NSFNET backbone is in full production and on schedule.
Washington, D.C. -- July 27, 1988 --A major new computer network takes its place in the national data communication scene today as the upgraded and expanded National Science Foundation Network (NSFNET) backbone goes into full production.
"The NSFNET backbone is a major element in our national technical development," said William A. Wulf, NSF's assistant director for Computer and Information Science and Engineering (CISE). "With this in place, we expect that scientists and researchers will find new ways to work together on multi-disciplinary and cross-regional research projects."
The NSFNET backbone is the result of cooperative efforts by the National Science Foundation, MERIT, IBM, and MCI, as well as individuals at each of the supercomputer centers and mid-level networks. In operational testing since July 1, the new network marks its full-fledged independent status with the permanent shut-down of the older NSFNET today.
"We are proud of the performance of the new NSFNET backbone," said Eric Aupperle, director of the Merit Computer Network, the Michigan organization that has primary responsibility for managing the NSFNET backbone. "Many individuals have worked very hard over the past year to make the new network a reality, and this achievement was only possible because of the cooperative efforts of everyone involved."
Senior management from the organizations responsible for implementing the backbone explained operations today at a Capitol Hill press briefing sponsored by Rep. Doug Walgren, chair, and Rep. Sherwood Boehlert of the House Subcommittee on Science, Research, and Technology, and Senator Donald Riegle, chair of the Senate Subcommittee on Science, Technology, and Space.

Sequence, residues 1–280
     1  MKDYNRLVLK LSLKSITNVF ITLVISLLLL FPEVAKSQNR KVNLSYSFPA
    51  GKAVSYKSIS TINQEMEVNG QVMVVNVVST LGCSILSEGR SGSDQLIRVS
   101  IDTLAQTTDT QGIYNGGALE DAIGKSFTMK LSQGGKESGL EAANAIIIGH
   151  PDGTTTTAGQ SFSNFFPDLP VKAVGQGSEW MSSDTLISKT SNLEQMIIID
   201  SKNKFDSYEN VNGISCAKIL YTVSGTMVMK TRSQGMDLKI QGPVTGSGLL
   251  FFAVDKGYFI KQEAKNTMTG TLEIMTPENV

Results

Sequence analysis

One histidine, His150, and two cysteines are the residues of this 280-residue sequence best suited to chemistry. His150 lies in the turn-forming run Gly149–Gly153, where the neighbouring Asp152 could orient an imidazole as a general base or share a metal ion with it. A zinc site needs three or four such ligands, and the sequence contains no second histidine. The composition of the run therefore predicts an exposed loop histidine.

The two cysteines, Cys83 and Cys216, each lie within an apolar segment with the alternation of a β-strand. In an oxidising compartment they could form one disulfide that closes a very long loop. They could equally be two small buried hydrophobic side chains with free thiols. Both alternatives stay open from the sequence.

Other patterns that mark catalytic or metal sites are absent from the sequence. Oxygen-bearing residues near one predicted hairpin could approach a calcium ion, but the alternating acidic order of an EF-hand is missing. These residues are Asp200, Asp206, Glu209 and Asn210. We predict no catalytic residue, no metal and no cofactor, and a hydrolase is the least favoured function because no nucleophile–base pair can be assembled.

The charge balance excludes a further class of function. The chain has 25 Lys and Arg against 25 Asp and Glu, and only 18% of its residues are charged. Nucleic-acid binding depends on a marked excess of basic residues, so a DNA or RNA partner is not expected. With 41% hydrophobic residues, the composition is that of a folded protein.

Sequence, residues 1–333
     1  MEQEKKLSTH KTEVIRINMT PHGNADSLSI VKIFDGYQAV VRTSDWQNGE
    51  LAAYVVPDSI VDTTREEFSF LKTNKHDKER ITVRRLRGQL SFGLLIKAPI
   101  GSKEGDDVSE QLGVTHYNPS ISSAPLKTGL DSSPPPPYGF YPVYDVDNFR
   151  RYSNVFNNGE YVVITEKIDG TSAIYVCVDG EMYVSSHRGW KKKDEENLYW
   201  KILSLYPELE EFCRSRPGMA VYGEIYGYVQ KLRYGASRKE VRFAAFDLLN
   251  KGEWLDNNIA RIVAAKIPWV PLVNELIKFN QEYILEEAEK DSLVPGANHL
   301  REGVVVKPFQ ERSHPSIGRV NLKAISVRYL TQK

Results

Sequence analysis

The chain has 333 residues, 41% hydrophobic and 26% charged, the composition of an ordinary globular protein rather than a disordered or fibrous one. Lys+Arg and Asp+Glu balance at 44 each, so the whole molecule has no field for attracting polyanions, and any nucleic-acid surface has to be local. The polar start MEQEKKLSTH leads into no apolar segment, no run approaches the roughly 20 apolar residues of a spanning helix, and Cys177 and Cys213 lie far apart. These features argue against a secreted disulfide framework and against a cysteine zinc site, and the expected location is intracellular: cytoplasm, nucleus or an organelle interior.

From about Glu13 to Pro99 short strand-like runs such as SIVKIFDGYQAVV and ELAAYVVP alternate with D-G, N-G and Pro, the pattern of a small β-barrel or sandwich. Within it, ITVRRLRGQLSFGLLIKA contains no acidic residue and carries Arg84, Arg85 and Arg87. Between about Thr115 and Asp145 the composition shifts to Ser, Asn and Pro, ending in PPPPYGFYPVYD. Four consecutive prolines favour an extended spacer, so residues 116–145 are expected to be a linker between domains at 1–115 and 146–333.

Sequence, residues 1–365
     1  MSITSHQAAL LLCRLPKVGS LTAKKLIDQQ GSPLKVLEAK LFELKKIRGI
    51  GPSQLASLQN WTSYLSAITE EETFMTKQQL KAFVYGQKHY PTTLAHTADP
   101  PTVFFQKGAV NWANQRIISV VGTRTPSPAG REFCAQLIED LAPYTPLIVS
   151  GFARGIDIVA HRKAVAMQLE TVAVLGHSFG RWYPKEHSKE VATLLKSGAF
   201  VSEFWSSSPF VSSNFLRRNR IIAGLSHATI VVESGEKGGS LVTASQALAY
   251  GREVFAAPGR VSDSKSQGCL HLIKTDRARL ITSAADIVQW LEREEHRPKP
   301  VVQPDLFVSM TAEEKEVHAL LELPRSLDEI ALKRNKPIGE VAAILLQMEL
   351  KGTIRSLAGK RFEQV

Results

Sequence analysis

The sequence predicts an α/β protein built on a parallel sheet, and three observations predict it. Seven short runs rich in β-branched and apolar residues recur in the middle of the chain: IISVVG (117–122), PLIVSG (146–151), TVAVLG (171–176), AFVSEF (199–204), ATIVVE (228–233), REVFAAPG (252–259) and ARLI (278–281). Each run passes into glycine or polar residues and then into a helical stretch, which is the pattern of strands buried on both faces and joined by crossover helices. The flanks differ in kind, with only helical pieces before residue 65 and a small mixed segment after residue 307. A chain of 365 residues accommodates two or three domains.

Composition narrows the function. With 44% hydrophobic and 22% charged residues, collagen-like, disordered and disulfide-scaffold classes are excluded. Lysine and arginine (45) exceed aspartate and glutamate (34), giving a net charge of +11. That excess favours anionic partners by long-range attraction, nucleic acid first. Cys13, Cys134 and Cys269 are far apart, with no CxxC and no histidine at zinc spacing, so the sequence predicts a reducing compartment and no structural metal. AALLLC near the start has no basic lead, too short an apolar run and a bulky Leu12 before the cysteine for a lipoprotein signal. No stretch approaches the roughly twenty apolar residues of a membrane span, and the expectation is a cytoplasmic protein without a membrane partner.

"The NSFNET backbone project is making it possible to test and implement the technologies needed to develop a national networking strategy," said IBM's Robert V. Mazza, director of development, Technical Computing Systems. "Through this effort, we are also showing the positive benefits of private industry, educational institutions, and government collaborating on a major research program."
The new backbone replaces an older, slower-speed NSFNET. In addition to providing access for more research organizations, the new backbone uses advanced technology to achieve higher speeds and greater reliability than the previous one. The new NSFNET backbone is based on T1 (1.5 Mbps) circuits, capable of transmitting the equivalent of 50 pages of single-spaced, typed text per second.
Establishment of the new network followed a solicitation for bids by NSF in June, 1987. MERIT, a consortium of eight state-supported universities in Michigan with 15 years of experience developing and managing their own state-wide network, was awarded the grant to re-engineer and manage the NSFNET backbone last November. The State of Michigan Strategic Fund contributed an additional $5 million in funding for the new network. IBM and MCI are providing direct services, architecture, and equipment needed to make the new network a reality.
"The development and implementation of NSFNET has offered MCI a challenging opportunity to work with IBM and other development team members on next-generation network technologies," said MCI's Lawrence J. Bouman, vice president of network engineering systems. "We're very pleased to contribute MCI's network technologies and expertise toward the successful launch of this important enterprise."
Day-to-day management of the network centers in Ann Arbor, Michigan, where the Merit central staff is headquartered. A new Network Operations Center in The University of Michigan Computing Center building is the focus of daily operations. Under the guidance of a primary staff of approximately 25 engineers, technicians, operators, and technical support specialists, the hardware and software comprising the network have been installed and tested over the past six months. A four-location research network has also been established for testing new technology before installing it on the production backbone. Through electronic messaging and conferencing, experts in networking technology from the entire nation participate in the research programs being developed for NSFNET.
Future plans for the network include increasing the speed to T3 (45 Mbps) and support for Open Systems Integrations (OSI) standards.
Governor James Blanchard of Michigan praised the work that had been done to bring up NSFNET.
"Putting the new NSFNET on line is a considerable professional and organizational accomplishment for Michigan and the nation," Blanchard wrote in a prepared statement. "It could only be achieved through the competence and commitment of the public-private team represented here today."